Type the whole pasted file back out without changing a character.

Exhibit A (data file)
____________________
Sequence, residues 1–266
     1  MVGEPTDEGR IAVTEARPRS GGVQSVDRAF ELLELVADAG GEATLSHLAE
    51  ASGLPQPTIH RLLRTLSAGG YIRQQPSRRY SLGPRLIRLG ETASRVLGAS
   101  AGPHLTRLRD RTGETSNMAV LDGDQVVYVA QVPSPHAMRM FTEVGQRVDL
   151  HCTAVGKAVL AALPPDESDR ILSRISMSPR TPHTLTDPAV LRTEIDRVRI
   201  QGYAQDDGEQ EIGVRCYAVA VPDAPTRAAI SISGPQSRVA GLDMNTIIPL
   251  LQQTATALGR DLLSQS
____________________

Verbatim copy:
Sequence, residues 1–266
     1  MVGEPTDEGR IAVTEARPRS GGVQSVDRAF ELLELVADAG GEATLSHLAE
    51  ASGLPQPTIH RLLRTLSAGG YIRQQPSRRY SLGPRLIRLG ETASRVLGAS
   101  AGPHLTRLRD RTGETSNMAV LDGDQVVYVA QVPSPHAMRM FTEVGQRVDL
   151  HCTAVGKAVL AALPPDESDR ILSRISMSPR TPHTLTDPAV LRTEIDRVRI
   201  QGYAQDDGEQ EIGVRCYAVA VPDAPTRAAI SISGPQSRVA GLDMNTIIPL
   251  LQQTATALGR DLLSQS